And the interest rate on the US 10 Year Note, $TNX, also rose strongly today September 1, 2010.

    September 1, 2010 marks the transition from “the age of neoliberal Milton Friedman based credit liquidity” to “the age of the end of credit”; this also means ”the end of entitlements” and “the beginning of world-wide austerity”. Part of the end of entitlement will be that of “living payment free” in a bank’s shadow inventory of real estate property, as banks, being desperate for income will transition from being holders of real estate to lessors of property.

    Yes with the coming stock market driven write down of bank equity, and bond market driven write down of US Treasuries kept at the Federal Reserve in Excess Liquidity, the banks will no longer amend pretend and extend lending as describe by IrvineRenter and others. The bank’s FASB 157 entitlement to value real estate at mark-to-fantasy, rather than mark-to-market will have no meaning in a debt depreciated future.

    The 30-10 yield curve,$TYX:$TNX, began to flatten on August 11, 2010, reversing a trend that goes back to early 2000. This signals risk aversion to sovereign debt. The flattening of the yield curve came as a result of the Federal Reserve Chairmans announcement of August 10, 2010 of the purchase of mortgage-backed securities. Then on August 27, 2010, the Federal Reserve Chairman stated the possibility of an even larger purchase of debt. This caused the bond rally in US Treasuries, TLT, that began April 6, 2010, to fail today September 1, 2010 sending bond prices lower and interest rates higher. The safe haven rally in debt that began with the onset of the European Sovereign Debt Crisis is over. Investors see Mr Bernanke’s plans as monetization of debt; and have gone short US Treasuries, especially the longer out ones such as TLT and especially the zeroes, ZROZ.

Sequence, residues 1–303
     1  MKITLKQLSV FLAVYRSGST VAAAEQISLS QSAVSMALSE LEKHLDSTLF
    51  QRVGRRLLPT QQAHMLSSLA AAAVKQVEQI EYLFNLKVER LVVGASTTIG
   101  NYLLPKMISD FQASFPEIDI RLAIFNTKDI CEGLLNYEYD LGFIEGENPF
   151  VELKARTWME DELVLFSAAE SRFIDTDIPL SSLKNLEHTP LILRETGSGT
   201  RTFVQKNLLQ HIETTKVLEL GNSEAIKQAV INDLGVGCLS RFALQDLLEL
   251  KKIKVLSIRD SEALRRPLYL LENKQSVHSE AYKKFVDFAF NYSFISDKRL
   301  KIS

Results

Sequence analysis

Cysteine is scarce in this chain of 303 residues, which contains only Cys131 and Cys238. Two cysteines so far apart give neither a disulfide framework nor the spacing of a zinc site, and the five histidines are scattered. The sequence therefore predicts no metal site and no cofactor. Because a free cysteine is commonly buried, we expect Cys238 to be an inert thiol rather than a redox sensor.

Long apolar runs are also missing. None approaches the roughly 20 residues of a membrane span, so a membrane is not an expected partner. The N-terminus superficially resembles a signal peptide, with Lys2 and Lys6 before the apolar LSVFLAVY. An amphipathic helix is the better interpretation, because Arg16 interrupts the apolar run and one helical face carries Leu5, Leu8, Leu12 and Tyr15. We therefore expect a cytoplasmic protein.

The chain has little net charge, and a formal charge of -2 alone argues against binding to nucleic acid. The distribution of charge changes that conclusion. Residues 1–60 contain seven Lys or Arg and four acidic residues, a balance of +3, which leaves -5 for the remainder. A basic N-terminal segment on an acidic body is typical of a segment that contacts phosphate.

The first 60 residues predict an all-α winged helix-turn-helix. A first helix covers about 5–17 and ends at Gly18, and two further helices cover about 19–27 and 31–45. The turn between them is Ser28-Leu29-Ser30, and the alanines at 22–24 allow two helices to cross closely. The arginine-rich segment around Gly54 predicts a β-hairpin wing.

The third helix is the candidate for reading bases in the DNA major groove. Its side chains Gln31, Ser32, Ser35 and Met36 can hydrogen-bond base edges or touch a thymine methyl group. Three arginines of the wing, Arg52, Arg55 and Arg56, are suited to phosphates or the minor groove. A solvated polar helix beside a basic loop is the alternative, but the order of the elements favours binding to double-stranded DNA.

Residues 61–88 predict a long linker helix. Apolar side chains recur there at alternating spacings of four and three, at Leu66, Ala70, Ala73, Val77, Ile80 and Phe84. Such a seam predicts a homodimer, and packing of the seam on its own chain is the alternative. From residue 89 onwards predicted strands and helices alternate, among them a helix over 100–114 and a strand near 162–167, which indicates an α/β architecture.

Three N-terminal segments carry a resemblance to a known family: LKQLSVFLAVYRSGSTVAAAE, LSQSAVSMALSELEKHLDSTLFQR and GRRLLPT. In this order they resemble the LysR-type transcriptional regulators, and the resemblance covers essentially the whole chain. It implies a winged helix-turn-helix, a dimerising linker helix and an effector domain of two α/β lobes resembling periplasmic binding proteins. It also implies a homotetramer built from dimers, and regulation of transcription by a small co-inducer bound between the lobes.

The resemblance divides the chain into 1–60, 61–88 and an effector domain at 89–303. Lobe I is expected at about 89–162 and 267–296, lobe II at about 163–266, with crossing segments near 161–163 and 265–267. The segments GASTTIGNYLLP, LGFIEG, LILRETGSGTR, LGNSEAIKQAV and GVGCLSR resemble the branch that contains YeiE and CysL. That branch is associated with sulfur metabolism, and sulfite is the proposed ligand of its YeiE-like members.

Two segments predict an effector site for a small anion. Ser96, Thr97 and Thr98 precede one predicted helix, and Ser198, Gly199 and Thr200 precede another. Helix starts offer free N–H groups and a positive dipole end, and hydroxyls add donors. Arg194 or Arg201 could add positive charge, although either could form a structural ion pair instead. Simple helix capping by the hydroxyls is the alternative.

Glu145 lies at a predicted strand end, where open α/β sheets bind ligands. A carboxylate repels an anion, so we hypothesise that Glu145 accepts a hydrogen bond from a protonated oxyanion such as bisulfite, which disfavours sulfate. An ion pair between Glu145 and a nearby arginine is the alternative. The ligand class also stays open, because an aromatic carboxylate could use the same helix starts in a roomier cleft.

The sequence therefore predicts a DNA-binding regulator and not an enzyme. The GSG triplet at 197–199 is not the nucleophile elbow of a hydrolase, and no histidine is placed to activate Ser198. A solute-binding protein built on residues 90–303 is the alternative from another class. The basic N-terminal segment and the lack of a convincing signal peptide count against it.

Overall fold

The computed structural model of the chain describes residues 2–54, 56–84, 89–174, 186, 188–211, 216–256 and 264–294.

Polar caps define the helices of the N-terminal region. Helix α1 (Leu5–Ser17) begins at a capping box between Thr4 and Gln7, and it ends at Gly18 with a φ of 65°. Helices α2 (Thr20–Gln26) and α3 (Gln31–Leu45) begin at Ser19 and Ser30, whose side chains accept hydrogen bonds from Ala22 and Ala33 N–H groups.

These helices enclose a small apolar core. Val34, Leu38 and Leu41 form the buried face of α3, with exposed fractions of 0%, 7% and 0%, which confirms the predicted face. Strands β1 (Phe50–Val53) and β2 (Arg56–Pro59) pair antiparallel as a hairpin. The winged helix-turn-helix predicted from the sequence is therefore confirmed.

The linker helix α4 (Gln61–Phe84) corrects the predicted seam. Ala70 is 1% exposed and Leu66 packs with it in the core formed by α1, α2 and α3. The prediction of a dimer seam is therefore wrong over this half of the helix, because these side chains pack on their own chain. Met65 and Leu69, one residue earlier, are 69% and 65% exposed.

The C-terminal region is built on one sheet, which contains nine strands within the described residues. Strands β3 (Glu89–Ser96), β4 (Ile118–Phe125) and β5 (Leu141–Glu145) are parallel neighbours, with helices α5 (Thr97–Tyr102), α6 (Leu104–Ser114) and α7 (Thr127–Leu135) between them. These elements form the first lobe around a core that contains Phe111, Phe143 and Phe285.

I believe that soon, out of a liquidity evaporation and a liquidity crisis, stemming from a fast fall in bond and/or stock values, that here in the US a Financial Regulator will be announced who will oversee lending and credit, as well as money market and brokerage accounts. He will be what I call a credit boss or credit seignior who funds economic operations with an emphasis on seeing that the strategic needs of the country are met and that monies for food stamps keeps flowing. I believe the government will become the first, last and only provider of liquidity and money.

    I believe that here in the US, the Financial Regulator will exercise Discretionary Governance, and announce a Home Leasing Program administered by the banks, KBE, on their delinquent and REO properties as well as those of Freddie Mac, Fannie Mae and the US Federal Reserve.

    Mortgage lending and securitization of loans will cease, and leasing of homes will be a public private partnership cooperative endeavor. Companies that have created and serviced mortgage-backed securities, such as Anworth Mortgage Asset Corporation, ANH, and Annaly Capital Management, NLY, will quickly disappear from the economic landscape, as mortgage bond funds such as Goldman Sachs Mortgage Bonds, GSUAX, tumble in value.